That grill may look attractive, but is it a hazard waiting to happen?
First and foremost feel how solid and sturdy the grill is. A poorly made grill will most likely wiggle. If it wiggles in the store, you can only wonder how it may hold up on your patio. Make sure to check this in the store. How many wheels does it have? Two or four?
Second, consumers should opt for plastic or wooden handles on grills. These handles usually don't get as hot as metal ones.
A good drainage system that siphons off grease is also key. This will help prevent flare-ups.
Another important test is the drop-lid test. You want to see if the grill stays lit when the lid is dropped very quickly or if it is a very windy day.
How susceptible is the flame to blowing out, especially when it is set for a low setting? This could be dangerous, since propane gas continues pouring into the grill even if the flame is out. If someone sparked a match over the grill, it could ignite the pooled propane gas in a large explosion.
Finally, as far as warranties are concerned, you don't want to settle for anything less than 10 years. Consumer Reports makes note of which grills have a long warranty.
4. Don't botch the barbecue.
OK, so you are now ready to get this barbecue started. But the last thing you want to do is burn those hamburgers in front of family and friends. On www.consumerreports.org, free of charge, wannabe grill masters can find a list of seven ways to botch a barbecue.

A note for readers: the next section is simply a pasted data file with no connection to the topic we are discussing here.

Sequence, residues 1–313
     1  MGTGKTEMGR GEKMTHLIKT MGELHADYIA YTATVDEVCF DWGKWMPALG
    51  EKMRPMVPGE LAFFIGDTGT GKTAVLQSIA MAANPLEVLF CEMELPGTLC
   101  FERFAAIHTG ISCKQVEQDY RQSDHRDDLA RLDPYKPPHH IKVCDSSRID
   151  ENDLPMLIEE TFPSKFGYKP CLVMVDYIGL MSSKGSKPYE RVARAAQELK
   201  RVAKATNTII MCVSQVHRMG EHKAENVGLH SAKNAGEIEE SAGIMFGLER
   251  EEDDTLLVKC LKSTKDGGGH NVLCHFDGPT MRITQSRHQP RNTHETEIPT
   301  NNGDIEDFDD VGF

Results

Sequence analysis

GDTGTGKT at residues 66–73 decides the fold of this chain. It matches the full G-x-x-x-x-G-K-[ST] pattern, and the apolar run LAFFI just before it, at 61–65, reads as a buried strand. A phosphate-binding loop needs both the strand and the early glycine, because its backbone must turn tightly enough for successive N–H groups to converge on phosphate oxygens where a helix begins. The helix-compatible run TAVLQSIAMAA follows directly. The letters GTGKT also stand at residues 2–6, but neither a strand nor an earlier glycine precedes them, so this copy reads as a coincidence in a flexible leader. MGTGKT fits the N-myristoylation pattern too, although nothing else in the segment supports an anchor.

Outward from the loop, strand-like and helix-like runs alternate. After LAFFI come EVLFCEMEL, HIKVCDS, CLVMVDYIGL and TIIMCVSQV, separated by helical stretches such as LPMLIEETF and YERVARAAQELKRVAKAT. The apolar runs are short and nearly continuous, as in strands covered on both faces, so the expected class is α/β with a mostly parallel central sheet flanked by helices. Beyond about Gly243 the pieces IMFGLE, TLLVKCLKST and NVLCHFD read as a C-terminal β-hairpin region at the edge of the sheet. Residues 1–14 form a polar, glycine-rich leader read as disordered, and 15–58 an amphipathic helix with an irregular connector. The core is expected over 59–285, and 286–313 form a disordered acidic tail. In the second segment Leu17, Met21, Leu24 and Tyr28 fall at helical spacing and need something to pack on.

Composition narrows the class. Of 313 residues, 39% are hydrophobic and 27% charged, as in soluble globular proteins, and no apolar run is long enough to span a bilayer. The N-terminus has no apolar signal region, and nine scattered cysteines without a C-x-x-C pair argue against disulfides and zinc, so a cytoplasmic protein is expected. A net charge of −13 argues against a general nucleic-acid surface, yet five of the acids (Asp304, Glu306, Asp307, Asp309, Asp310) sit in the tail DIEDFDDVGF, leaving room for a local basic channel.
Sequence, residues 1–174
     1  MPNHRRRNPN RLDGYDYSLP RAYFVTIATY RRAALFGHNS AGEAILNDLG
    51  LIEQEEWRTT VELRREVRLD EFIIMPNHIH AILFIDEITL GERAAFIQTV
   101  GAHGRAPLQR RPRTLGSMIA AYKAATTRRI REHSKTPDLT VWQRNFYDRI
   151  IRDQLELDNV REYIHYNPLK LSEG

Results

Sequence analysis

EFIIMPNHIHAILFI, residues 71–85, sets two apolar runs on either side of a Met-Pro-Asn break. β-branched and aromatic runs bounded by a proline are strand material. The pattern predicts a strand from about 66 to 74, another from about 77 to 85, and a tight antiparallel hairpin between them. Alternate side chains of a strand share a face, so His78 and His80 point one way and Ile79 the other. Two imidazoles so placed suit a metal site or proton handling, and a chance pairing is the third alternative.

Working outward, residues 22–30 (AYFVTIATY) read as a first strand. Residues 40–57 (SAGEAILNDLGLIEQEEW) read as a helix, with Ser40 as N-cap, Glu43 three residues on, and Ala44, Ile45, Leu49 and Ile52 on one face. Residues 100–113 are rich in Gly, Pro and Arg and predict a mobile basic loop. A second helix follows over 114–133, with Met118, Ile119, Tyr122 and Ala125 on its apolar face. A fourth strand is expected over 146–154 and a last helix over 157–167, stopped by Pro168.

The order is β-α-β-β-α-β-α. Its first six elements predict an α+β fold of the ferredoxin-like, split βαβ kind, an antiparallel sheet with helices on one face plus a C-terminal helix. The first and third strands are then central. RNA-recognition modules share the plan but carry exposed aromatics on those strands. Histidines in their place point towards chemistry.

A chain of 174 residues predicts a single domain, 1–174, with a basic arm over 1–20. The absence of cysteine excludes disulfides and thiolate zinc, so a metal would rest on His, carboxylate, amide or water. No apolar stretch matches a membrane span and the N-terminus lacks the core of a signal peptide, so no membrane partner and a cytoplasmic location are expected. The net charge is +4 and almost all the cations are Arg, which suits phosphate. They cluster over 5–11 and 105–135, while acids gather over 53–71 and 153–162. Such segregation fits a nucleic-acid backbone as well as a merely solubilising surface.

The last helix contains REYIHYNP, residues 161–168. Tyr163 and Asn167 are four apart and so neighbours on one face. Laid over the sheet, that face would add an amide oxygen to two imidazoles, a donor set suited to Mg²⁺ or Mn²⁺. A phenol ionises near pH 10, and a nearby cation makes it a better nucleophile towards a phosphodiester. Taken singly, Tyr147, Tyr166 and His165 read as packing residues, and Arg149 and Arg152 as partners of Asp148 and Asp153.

These are the key mistakes you don't want to make: Not preheating the grill. Make sure to heat the grill with the lid down for 10 to 15 minutes before you want to cook, with the burners set on high. Food tends to stick to cool grates.
Next, keeping that lid down is key. When it is open heat escapes and your guests may have to wait just a little longer for that hot dog since cooking slows down.
Don't assume that it's necessary to grill thick cuts of meat with a high heat. The meat will end up grilled on the outside but undercooked within. Therefore, use high heat for searing and then turn down the burners beneath the food and set other burners to high or medium-high.
Next, grilling on dirty grates can cause your food to stick and you might be stuck with some unwelcome flavors on the meat.